Additional COVID-19 Clinic Scheduling Guidelines

The following triage guidelines are being used by clinics to ensure a consistent approach to scheduling ambulatory patients during COVID-19. These will be used for patients who are currently scheduled, as well as new scheduling requests. The guidelines are intended to continue to provide needed care to patients, preserve PPE, and promote social distancing for our staff, providers, and community.

Due to the uncertain duration of this pandemic situation, these guidelines will be used for current and new appointment requests until May 1. This will avoid the need to reschedule patients, decrease a scheduling backlog and access constraints, and allow for appropriate prioritization once standard operations resume.

We will provide an update in early- to mid-April letting you know whether or not this will continue through June 1. Thank you for your patience and efforts to continue providing patient care in alternative ways when possible.

Tier 1: Patients who need to be seen in person by the provider within the next 6 weeks (until May 1).

  • Clinical situation that could be compromised by delay in care and requires physical examination to support clinical decision-making

Tier 2: Patients who can be seen with a telephone or telehealth visit — can be scheduled at any time.

  • Follow up care where the physical exam is not essential to decision making
  • Key physical exam or imaging findings may be obtained by other means (e.g., PACS, photos, etc.)
  • Referrals/consults that can be assessed with a telephone or telehealth visit

Tier 3: Patients who can be rescheduled or placed in the queue for scheduling when we resume normal business operations — can be placed in a queue to schedule an in-person visit at a later date.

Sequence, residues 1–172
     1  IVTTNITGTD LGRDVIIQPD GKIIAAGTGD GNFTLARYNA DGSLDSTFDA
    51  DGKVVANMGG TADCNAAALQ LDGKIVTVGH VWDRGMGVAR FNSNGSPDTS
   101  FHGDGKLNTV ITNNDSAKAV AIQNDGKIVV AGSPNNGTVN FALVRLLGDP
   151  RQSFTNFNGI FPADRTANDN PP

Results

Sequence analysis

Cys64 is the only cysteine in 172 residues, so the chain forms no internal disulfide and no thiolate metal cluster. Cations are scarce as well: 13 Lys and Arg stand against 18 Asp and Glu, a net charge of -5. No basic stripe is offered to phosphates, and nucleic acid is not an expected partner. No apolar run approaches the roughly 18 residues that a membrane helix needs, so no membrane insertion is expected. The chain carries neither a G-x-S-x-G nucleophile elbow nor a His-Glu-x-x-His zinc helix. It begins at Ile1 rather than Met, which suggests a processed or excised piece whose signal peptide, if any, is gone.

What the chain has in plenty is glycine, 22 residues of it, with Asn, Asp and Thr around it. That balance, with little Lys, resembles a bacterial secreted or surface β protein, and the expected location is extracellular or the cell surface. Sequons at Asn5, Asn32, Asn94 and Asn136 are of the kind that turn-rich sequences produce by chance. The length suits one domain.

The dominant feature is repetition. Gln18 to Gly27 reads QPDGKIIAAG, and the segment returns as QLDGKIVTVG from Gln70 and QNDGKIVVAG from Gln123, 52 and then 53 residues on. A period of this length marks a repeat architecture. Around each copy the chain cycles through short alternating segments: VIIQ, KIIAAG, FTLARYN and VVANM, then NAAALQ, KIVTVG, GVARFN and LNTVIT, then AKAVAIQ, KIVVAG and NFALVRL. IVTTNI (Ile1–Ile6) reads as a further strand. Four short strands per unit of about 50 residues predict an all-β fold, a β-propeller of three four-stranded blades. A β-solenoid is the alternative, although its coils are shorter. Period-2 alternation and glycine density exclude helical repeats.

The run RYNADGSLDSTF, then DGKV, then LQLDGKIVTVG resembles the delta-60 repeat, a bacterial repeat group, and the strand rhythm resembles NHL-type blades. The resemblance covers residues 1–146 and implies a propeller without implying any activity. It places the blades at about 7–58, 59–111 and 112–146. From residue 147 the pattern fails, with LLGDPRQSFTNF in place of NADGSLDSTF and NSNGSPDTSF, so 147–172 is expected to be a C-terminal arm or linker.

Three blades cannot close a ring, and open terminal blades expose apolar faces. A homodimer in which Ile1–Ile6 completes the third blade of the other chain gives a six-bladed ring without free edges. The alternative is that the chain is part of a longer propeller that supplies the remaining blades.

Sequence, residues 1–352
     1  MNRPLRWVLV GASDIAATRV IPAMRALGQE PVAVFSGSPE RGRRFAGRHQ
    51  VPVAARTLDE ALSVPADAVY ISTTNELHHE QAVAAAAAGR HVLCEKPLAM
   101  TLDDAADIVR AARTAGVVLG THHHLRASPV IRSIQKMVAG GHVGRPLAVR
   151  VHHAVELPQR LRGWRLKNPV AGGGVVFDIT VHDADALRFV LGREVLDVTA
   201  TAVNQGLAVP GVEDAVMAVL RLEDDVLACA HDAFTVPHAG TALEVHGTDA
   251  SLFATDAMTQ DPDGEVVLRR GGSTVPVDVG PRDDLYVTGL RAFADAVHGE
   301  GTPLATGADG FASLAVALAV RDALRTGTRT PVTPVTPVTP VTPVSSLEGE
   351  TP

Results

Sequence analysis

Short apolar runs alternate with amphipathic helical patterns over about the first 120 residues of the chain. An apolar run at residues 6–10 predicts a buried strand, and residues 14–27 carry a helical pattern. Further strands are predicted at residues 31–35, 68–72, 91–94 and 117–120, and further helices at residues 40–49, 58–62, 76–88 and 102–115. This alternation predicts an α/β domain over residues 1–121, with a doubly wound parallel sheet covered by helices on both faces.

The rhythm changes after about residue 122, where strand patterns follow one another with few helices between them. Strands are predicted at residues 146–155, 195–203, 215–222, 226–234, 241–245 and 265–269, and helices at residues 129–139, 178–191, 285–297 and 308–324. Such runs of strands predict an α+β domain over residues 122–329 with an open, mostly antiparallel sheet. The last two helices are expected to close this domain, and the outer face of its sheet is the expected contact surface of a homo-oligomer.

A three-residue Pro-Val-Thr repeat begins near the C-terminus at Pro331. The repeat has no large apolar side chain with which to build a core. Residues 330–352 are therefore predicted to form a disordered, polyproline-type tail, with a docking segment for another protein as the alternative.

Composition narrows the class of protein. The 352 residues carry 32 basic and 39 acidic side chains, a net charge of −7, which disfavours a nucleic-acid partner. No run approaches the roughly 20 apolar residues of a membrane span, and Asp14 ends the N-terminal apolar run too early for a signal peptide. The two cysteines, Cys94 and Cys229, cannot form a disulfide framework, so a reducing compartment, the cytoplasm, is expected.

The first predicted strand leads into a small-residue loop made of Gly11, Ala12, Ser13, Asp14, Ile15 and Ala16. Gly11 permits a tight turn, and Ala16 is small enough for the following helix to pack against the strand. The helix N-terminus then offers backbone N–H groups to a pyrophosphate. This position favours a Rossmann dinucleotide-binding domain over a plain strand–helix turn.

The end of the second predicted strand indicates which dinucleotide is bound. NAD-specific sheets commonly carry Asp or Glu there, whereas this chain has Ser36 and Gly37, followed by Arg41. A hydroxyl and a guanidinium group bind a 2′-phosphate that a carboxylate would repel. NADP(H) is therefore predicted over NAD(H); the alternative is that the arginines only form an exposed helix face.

• Patient condition does not suggest clinical urgency
  • Family prefers an in-person visit
  • Clinic does not have capacity to provide a telehealth or telemedicine visit
  • Referral/consult cannot be assessed with a telephone or telehealth visit

Read full post »

COVID-19 Update: March 7, 2020

We know this is a rapidly changing situation and we will continue to provide updated information about how Seattle Children’s is preparing and managing COVID-19, and how we can support primary care providers.

Are there any changes to Seattle Children’s outpatient radiology services?

We are continuing to offer a full range of imaging services including walk-in diagnostic outpatient x-ray in Bellevue, Federal Way, Everett, and Seattle. All families will be asked a series of screening questions before they enter the building. Families who present with respiratory symptoms or influenza-like illness will be put in strict isolation. We may consider less investigative studies when applicable.

When should PCPs send patients to Seattle Children’s Emergency Department (or not)?

Please only send your patients to Seattle Children’s Emergency Department if they are sufficiently ill to need emergent treatment (i.e. they meet criteria for being admitted). Please call our ED Communications Center first at 206-987-8899.

Patients with non-emergent respiratory symptoms and concern for COVID-19 should call Public Health – Seattle & King County and quarantine at home.